Opium Side Effects Many Users Experience
Opium is often used to create other narcotics which alleviate pain. Although it can be very beneficial in this sense, the drug itself is often abused for the feeling of euphoria a person gets when smoking it. Here are some of the side effects of opium which many users experience.
People can become dependent on opium and other opiate-based drugs after using them for an extended amount of time. According to the NLM, “the time it takes to become physically dependent varies with each individual,” but once a person is dependent on opium, it can be very hard to stop using the drug. “Both physical and psychological dependence on opiates are known to be high” (DOI), so there is a risk even if the specific narcotic is not being abused.
Physical Side Effects
According to Colombia University, “the effects of smoking opium are almost identical to the effects of using heroin or morphine.” People who abuse opium achieve a euphoric feeling when the drug is in their system, and they begin to crave the drug after prolonged use. According to Columbia, opium causes these physical side effects:
- Dry mouth and mucous membranes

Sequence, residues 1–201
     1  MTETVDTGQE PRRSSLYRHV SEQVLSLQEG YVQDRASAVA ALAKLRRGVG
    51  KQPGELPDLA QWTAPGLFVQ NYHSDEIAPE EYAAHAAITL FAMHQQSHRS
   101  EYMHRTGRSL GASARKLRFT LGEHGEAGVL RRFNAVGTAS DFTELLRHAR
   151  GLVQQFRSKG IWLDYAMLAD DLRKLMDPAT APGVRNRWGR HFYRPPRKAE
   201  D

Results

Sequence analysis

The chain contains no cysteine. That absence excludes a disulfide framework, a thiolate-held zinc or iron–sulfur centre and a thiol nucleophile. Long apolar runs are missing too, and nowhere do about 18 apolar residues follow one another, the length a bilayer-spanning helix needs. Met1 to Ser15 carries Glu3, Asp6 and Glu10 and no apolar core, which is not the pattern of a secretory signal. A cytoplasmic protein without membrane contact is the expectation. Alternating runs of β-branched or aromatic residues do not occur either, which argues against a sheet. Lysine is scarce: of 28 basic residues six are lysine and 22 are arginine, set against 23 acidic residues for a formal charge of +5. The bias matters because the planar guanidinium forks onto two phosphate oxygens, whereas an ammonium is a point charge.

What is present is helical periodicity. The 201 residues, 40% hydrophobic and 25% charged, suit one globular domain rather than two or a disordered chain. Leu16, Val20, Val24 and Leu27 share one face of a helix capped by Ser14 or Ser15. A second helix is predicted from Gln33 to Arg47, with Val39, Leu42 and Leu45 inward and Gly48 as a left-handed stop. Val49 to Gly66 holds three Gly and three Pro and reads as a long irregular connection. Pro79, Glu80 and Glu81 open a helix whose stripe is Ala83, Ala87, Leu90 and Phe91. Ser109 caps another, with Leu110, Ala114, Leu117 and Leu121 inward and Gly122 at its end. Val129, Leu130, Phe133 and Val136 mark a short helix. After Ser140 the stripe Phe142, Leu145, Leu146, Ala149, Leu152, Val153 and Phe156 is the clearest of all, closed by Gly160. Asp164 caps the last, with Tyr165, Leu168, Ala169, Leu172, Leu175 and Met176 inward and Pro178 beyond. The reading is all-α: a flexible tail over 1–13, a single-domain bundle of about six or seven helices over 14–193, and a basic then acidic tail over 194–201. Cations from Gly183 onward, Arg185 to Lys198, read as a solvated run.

- “Decreased alertness”
- Coordination impairment
- Respiratory depression
- Constricted pupils
- Loss of appetite
These effects may last “from three to six hours.” The physical side effects of opium use can be uncomfortable, and you can discuss them with your doctor if you are using an opiate-based medication like oxycodone.
Long-Term Use Effects
In the long-term, side effects from opium can be more pronounced. All of the side effects from above persist while a constant opium user may also experience:
Permanent sedation or “nodding out”
This means that the individual has been abusing opium for such a long time that he or she will nod in and out of consciousness easily and without warning due to the effects the drug has had on the body.
A person may begin to build up a tolerance to opium and start to feel that the same amount of the drug does not provide the pain-relieving and euphoric effects that it once did. This will often lead to the individual taking more and more of the drug.
Apathy and depression
People who abuse opium will often begin to feel as if the other aspects of their lives have no meaning or aren’t important anymore. They will become apathetic toward anything other than the drug and become very depressed when taken off of it.
Opium can also cause a person to have mood swings. People crave the euphoric feeling opium gives them and then become very depressed or upset when unable to take more of the drug.
Withdrawal and Overdose
With opium, the potential for both withdrawal and overdose are high. Withdrawal from opium causes a person to exhibit flu-like symptoms (runny nose, nausea, fever). People often feel pain in their muscles due to the absence of the drug which was blocking pain receptors. During overdose, “in the worst cases, coma and even death may result from respiratory failure” (Columbia). Opium side effects can be uncomfortable at the least and potentially fatal at the worst.